The government capitulated to the view of Brazilian big business, enshrined in its newsletter of July 2016 (Institute of Industrial Development Research, a think tank linked to big Brazilian industry, “No Profits, No Investments” (IEDI, 2016). The adopted neoliberal economic policy increased unemployment and reduced the real wage. But this capitulation did not save Rousseff from her impeachment by Congress and the institution of a right -wing government.

This is the danger ahead for a new Lula administration. It will not have a majority in Congress and will face a vicious media campaign. And it seems that Bolsonaro has cemented a coalition of the right based on religious and crazed petty bourgeois layers, and an antagonistic upper middle class particularly in the big cities of the south; with Lula relying on a somewhat disillusioned working class.

The economic recovery of the last year has also bolstered support for the Bolsonaro coalition as official unemployment has fallen to its lowest level in nearly seven years (although it is still above levels before the Great Recession of 2008-9).

Official unemployment rate (%)

Inflation Inflation The cumulated rise of prices as a whole (e.g. a rise in the price of petroleum, eventually leading to a rise in salaries, then to the rise of other prices, etc.). Inflation implies a fall in the value of money since, as time goes by, larger sums are required to purchase particular items. This is the reason why corporate-driven policies seek to keep inflation down. is also falling but still well above pre-pandemic levels.

CPI inflation yoy %

The Brazilian economy expanded 3.2% year-on-year in the second quarter of 2022, picking up from the 1.7% advance in the previous three-month period and surpassing market forecasts of a 2.8% rise. But this modest recovery is unlikely to last into 2023 as the world economy heads into a new recession that Brazil cannot escape.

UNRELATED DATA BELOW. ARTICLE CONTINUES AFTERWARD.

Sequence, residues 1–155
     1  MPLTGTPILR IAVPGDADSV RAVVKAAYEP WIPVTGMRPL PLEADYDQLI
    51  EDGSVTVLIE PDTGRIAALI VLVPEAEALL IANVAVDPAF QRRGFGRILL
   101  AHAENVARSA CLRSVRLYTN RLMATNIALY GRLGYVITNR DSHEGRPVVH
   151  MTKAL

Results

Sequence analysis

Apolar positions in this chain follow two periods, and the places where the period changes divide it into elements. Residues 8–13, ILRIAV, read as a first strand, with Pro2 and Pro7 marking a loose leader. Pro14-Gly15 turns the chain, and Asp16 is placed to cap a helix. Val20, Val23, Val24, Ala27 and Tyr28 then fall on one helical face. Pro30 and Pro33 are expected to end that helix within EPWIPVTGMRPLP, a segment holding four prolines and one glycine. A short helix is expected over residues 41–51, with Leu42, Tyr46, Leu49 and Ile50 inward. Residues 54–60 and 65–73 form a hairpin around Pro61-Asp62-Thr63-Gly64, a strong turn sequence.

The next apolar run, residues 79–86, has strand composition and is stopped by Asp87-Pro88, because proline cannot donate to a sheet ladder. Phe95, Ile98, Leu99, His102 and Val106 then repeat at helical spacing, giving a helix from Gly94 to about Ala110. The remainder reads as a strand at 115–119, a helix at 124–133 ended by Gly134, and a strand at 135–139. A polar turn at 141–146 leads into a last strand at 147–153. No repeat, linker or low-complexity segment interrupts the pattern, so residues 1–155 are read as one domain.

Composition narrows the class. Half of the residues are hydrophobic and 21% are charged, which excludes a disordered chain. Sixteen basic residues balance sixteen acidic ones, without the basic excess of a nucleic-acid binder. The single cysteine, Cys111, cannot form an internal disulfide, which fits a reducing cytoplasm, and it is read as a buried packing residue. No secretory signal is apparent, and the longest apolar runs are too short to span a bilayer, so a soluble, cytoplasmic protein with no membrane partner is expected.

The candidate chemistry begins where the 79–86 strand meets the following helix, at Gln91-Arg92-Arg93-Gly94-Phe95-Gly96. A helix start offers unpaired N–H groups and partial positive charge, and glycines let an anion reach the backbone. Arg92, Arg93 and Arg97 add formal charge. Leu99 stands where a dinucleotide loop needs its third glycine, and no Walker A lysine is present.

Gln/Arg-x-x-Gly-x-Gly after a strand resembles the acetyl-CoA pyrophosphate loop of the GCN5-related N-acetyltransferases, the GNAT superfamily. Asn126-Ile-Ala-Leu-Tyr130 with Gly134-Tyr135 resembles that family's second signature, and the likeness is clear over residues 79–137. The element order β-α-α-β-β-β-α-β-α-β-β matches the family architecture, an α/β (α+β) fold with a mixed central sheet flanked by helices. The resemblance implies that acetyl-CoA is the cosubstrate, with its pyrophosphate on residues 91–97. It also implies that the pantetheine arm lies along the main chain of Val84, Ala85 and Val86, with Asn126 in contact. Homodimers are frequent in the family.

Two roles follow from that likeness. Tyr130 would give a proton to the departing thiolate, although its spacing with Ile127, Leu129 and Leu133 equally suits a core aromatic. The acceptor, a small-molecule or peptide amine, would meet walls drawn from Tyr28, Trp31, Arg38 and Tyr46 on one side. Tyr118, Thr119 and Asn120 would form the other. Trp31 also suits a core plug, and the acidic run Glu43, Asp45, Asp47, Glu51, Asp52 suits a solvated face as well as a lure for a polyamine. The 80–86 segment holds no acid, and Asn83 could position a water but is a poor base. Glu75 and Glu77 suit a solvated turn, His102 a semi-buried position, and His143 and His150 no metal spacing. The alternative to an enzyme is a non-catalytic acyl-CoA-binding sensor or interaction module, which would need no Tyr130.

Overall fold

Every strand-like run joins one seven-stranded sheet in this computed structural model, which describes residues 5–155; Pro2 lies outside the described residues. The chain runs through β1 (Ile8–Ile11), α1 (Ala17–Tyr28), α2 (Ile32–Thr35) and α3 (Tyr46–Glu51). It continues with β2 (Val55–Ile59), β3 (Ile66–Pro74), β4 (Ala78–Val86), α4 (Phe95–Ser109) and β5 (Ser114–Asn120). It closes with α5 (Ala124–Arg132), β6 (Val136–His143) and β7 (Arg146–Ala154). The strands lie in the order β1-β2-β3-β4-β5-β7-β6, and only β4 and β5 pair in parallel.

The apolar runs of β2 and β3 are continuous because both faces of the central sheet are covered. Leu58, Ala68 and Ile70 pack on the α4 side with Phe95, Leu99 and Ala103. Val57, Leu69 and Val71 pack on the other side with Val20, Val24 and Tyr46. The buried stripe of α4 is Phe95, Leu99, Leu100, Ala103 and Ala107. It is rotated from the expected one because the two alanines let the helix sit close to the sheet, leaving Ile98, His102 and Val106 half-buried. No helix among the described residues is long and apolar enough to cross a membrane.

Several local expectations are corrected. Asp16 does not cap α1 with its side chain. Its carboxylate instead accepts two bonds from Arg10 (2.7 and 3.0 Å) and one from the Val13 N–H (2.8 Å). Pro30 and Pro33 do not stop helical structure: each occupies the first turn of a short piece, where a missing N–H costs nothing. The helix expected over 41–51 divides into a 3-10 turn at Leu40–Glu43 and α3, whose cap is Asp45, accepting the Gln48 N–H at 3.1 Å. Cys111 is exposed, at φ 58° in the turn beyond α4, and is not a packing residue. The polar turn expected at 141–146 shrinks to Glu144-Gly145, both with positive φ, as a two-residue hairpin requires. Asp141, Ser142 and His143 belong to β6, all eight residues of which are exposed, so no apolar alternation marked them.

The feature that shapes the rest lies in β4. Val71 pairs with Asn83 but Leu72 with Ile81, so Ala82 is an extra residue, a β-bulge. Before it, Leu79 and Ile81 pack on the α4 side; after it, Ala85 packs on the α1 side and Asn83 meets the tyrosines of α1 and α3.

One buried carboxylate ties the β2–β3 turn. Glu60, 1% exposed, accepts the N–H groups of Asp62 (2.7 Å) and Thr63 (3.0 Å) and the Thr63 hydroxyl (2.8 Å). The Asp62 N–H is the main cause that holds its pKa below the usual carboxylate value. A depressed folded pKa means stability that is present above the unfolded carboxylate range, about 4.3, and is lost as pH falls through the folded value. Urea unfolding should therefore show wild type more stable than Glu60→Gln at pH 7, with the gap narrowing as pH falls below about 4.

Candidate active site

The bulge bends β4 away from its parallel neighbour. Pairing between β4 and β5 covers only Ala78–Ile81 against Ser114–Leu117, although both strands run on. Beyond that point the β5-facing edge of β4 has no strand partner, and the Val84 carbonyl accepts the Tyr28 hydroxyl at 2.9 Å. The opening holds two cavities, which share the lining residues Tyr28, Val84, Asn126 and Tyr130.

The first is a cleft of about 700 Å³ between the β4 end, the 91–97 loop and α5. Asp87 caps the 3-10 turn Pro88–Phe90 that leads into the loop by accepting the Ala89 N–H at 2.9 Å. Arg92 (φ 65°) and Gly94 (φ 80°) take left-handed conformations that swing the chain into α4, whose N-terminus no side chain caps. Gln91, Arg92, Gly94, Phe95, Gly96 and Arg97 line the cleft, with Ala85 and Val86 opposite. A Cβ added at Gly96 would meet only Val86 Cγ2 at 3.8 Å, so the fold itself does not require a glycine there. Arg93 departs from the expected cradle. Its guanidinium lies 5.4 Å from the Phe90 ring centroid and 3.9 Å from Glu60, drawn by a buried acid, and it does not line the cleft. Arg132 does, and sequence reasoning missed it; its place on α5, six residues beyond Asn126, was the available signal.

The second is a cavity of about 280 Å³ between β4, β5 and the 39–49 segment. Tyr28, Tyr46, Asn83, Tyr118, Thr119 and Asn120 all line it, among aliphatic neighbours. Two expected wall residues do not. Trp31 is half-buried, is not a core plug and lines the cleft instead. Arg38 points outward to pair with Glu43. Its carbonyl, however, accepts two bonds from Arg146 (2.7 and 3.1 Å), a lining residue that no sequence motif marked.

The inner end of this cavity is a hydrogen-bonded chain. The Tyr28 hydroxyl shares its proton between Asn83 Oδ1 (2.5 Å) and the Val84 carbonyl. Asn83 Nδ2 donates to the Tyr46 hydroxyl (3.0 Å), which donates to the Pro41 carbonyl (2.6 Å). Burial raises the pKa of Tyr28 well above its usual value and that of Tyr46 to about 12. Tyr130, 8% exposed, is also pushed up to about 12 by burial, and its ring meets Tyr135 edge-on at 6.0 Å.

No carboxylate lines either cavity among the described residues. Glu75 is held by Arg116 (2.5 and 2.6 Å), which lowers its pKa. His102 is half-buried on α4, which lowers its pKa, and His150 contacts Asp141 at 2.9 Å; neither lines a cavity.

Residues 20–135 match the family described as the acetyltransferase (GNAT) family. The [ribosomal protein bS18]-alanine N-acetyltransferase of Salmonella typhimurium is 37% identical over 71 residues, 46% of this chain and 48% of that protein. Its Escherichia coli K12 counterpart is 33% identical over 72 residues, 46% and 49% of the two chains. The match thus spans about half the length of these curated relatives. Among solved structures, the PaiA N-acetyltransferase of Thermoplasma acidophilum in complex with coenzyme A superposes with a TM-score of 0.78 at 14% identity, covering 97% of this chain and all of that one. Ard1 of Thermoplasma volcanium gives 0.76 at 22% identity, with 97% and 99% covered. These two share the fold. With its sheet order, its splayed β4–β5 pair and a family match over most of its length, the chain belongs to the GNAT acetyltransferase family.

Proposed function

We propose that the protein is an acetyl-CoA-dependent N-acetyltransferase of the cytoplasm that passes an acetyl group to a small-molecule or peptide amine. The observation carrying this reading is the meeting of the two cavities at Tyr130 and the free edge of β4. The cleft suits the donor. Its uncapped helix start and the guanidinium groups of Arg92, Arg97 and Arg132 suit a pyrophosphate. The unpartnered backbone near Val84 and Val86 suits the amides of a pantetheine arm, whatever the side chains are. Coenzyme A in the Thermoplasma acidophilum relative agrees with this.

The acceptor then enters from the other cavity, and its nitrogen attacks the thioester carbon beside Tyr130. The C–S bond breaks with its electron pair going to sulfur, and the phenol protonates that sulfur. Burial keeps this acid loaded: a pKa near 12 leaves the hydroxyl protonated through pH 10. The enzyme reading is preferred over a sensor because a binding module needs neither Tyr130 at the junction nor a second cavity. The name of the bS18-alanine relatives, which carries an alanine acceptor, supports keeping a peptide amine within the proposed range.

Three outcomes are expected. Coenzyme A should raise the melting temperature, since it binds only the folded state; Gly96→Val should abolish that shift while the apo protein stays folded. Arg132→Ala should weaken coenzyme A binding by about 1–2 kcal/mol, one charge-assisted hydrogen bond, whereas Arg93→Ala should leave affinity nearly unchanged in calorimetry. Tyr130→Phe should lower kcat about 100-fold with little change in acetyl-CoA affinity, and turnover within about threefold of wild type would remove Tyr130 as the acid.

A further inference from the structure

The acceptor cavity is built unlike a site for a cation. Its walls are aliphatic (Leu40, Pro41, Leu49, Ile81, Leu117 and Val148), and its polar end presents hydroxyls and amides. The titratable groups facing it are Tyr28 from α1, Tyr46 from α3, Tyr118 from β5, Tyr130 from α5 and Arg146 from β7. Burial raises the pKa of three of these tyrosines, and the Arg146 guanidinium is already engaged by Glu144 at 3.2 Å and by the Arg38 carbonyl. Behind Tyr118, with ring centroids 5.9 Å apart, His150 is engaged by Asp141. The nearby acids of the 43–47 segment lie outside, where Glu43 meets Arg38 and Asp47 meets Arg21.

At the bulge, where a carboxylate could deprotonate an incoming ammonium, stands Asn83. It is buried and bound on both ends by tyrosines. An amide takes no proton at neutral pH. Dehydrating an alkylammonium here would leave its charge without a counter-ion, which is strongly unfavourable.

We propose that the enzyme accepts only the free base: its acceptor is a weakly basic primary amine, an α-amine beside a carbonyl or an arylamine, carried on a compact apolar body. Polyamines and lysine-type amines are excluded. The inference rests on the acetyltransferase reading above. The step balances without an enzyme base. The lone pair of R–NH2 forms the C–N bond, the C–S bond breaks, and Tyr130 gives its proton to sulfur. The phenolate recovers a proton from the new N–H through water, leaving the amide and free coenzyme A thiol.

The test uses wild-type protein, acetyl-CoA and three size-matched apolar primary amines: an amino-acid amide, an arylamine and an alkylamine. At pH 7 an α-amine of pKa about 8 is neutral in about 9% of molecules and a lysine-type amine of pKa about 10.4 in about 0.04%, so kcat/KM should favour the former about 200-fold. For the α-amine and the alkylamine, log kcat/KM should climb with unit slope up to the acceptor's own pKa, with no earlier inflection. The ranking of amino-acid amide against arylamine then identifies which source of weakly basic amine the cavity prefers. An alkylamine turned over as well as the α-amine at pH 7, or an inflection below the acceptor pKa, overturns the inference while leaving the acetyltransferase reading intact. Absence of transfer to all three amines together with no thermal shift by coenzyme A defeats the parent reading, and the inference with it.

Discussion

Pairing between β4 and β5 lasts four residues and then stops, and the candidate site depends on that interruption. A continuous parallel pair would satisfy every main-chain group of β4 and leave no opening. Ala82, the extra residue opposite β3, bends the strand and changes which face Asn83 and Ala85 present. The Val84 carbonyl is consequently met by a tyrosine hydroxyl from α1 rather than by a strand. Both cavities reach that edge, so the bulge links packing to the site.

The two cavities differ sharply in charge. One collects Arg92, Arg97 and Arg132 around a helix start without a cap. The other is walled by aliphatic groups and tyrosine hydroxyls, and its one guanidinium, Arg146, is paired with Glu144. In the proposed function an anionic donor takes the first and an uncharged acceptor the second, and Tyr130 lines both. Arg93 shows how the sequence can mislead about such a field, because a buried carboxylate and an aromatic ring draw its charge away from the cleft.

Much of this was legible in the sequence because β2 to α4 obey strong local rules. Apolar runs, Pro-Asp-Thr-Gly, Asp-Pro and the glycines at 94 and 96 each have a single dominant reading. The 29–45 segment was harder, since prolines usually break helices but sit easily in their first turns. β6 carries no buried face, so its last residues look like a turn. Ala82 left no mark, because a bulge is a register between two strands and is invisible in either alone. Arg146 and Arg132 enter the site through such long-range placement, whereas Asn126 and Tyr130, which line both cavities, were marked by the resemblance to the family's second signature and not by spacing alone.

It is often reported that Brazil’s public sector runs the largest debt to GDP among all emerging economies. But more important, private sector debt (as % of GDP) is now at a record high.

Private sector debt to GDP (%)

With global interest rates Interest rates When A lends money to B, B repays the amount lent by A (the capital) as well as a supplementary sum known as interest, so that A has an interest in agreeing to this financial operation. The interest is determined by the interest rate, which may be high or low. To take a very simple example: if A borrows 100 million dollars for 10 years at a fixed interest rate of 5%, the first year he will repay a tenth of the capital initially borrowed (10 million dollars) plus 5% of the capital owed, i.e. 5 million dollars, that is a total of 15 million dollars. In the second year, he will again repay 10% of the capital borrowed, but the 5% now only applies to the remaining 90 million dollars still due, i.e. 4.5 million dollars, or a total of 14.5 million dollars. And so on, until the tenth year when he will repay the last 10 million dollars, plus 5% of that remaining 10 million dollars, i.e. 0.5 million dollars, giving a total of 10.5 million dollars. Over 10 years, the total amount repaid will come to 127.5 million dollars. The repayment of the capital is not usually made in equal instalments. In the initial years, the repayment concerns mainly the interest, and the proportion of capital repaid increases over the years. In this case, if repayments are stopped, the capital still due is higher…